Safeguarding Tax Concessions for Urban Redevelopment

On March 10, 2023, the Massachusetts Supreme Judicial Court reversed a decision of the state’s Appellate Tax Board, finding that a tax concession granted to the developers of urban redevelopment projects extends to the capital gains realized from the sale of those projects. The SJC had transferred the case on its own initiative from the Appeals Court. Pioneer Public Interest Law Center — then known as PioneerLegal — had submitted an amicus brief in the case.

Since the 1950s, Massachusetts has encouraged redevelopment of dilapidated properties under Chapter 121A of the state laws, which provides incentives for private investment. James J. Reagan, Jr. was the owner of three limited partnership interests — St. James Company, Blackstone Company, and Kenmore Abbey Limited Partnership — that invested more than $45 million over the last 40-plus years to transform abandoned or vacant properties in Boston into housing for the elderly and individuals with disabilities.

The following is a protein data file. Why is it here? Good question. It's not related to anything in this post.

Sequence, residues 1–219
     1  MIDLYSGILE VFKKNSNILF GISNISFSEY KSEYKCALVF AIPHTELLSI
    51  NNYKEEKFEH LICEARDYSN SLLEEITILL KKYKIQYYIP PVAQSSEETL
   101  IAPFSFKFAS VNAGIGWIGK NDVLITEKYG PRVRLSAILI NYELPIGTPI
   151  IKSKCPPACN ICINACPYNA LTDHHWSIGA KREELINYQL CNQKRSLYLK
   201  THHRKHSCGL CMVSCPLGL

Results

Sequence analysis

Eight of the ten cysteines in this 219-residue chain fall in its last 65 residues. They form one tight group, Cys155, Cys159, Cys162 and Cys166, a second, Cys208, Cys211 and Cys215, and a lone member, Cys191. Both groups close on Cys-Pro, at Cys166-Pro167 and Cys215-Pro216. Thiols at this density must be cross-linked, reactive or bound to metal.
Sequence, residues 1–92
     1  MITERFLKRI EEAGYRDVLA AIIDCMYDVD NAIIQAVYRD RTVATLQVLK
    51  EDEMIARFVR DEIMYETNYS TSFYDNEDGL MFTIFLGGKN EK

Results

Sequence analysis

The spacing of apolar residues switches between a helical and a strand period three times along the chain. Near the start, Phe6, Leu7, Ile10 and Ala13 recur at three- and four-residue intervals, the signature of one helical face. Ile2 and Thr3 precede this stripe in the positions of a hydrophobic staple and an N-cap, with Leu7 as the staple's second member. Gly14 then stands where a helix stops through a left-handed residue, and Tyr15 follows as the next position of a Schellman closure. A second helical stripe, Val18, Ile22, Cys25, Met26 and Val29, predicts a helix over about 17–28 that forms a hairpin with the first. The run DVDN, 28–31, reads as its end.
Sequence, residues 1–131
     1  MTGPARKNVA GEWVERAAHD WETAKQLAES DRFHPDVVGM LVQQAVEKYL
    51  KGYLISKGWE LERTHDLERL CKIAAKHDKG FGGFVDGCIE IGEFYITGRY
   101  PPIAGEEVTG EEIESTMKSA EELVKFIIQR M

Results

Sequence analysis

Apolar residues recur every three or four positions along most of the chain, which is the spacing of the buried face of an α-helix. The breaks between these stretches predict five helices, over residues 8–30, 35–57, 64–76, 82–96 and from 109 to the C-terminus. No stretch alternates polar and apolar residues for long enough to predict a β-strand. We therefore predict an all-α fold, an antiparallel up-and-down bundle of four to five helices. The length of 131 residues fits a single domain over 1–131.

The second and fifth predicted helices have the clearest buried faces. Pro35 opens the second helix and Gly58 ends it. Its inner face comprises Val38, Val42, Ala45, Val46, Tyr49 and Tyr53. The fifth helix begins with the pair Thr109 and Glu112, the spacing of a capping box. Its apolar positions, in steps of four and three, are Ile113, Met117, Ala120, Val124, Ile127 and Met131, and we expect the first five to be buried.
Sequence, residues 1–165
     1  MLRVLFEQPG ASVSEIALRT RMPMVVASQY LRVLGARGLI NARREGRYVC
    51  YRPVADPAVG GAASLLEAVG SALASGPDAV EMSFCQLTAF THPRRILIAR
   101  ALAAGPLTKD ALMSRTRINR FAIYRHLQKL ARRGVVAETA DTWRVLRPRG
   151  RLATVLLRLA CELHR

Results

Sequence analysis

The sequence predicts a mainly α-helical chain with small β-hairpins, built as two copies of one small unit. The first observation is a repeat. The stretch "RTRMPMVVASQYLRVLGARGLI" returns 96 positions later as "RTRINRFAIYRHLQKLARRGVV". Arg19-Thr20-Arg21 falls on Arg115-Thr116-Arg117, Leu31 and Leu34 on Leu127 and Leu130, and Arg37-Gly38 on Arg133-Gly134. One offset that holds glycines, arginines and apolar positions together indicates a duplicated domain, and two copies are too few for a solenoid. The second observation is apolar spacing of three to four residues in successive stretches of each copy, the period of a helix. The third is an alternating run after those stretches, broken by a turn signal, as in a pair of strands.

When Reagan and his wife, Irene M. Reagan, filed their 2012 state tax return, they took the position that the capital gains they had realized from the sales of the projects were exempt from tax because they were “on account of” those projects—in keeping with the language of Chapter 121A. The Reagans appealed their notice of assessment in July 2020. The SJC ruling found that the increased value of the properties was causally related to the project, and that extending the tax exemption to a capital gain from the sale of a Chapter 121A project is “buttressed by the statute as a whole.”


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PioneerLegal is a non-partisan, public interest law firm that defends and promotes educational options, accountable government and economic opportunity across the Northeast. PioneerLegal achieves its mission through legal research, amicus briefs, and litigation.